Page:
7 Oct

PA iGaming Self-Exclusion Guidelines

Involuntary & Voluntary Self-Exclusion from Pennsylvania iGaming.

Involuntary & Voluntary Self-Exclusion from Pennsylvania iGamingThe first time you sign up an account to conduct any form of online gambling with a Pennsylvania licensed iGaming operator, you’ll likely be asked if your name appears on any of the state’s ‘excluded gambler’ lists. If you don’t know what that means, chances are, you’re not on such a list. If you are, or if you’d like to be, you may find the information on this page very useful.

There are two types of excluded gamblers lists Pennsylvanian’s could find their name on. We’ll start with the Involuntary Exclusion list, namely because its description is short and sweet. Then we’ll cover the Voluntary Self-Exclusion list, why it’s important, and how to use it, should you feel the need to.

Involuntary Exclusion from Gambling in PA

The Pennsylvania Gaming Control Board (PGCB) kicked off 2020 by implementing a new law that requires the regulator to provide a publicly accessible list of all names appearing on its Involuntary Exclusion List. This isn’t the kind of list you’d want your name to appear on. It consists of people who’ve “previously committed gambling-related offenses”; people the PGCB has deemed worthy of banning from land-based casinos, and by natural extension, the state’s new online casinos, poker rooms, sportsbooks, etc.

Anyone whose name appears on this list will have received a notification from the state. The notice identifies the reason for the exclusion, and also lists options for getting one’s name removed from the list. If pleading the case is not an option, or if it fails, anyone who’s name has been on the list for 5 years or more can apply to be removed.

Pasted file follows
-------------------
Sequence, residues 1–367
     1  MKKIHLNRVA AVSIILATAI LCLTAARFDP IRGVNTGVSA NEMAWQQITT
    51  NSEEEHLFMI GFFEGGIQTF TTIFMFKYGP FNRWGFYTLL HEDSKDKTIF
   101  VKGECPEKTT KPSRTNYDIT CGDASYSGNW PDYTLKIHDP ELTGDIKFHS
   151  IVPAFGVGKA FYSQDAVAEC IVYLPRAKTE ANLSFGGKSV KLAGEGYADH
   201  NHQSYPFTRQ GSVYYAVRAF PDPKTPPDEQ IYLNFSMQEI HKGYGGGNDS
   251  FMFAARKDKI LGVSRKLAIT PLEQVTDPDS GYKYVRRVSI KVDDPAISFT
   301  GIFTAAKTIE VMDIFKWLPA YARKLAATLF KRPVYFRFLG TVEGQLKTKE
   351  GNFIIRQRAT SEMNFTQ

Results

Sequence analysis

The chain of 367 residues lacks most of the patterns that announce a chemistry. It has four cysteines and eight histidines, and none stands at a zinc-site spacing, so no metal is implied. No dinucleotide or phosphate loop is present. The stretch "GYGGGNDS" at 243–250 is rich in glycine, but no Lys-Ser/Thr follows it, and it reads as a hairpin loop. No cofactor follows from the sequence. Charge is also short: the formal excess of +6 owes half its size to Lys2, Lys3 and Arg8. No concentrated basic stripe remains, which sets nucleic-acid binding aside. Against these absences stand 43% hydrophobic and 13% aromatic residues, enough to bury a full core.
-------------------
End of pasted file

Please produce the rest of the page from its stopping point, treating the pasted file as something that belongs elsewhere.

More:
For integrity purposes, and respect of privacy, we won’t supply a direct link to the state’s Involuntary Exclusion List, but you can learn more about it, including how to access it, by visiting the PGCB website and selecting Gaming from the main menu.

Pennsylvania Gambling Voluntary Self-Exclusion

Although the end result is the same, this is a very different type of list from the involuntary version. First of all, as the name implies, it’s voluntary. Anyone can sign up for it, or not sign up for it, at their discretion. Secondly, it’s completely confidential. The PGCB does not provide public access to the self-exclusion list. Being on the list does not grant access to the names of anyone else on the list. The privacy of every self-excludes member is respected to the utmost degree.

The purpose of providing Pennsylvanians with voluntary self-exclusion is to help consciously compulsive gamblers to help themselves. Anyone who feels they may have a gambling problem can self-exclude themselves at any time. It does not have to be permanent, either. Individuals can exclude themselves from land-based and online gambling for a period of twelve (12) months, five (5) years, or their lifetime.

Once the process is complete, self-exclusion will remain in place until the applicant requests to be removed from the list, but not before the chosen timeline expires. For instance, a 5 year self-exclusion will not simply expire after 5 years. If, perhaps seven years down the road, the person changes their mind, they can request to be removed from the list. They cannot request removal prior to the 5-year exclusion. A lifetime exclusion cannot be revoked.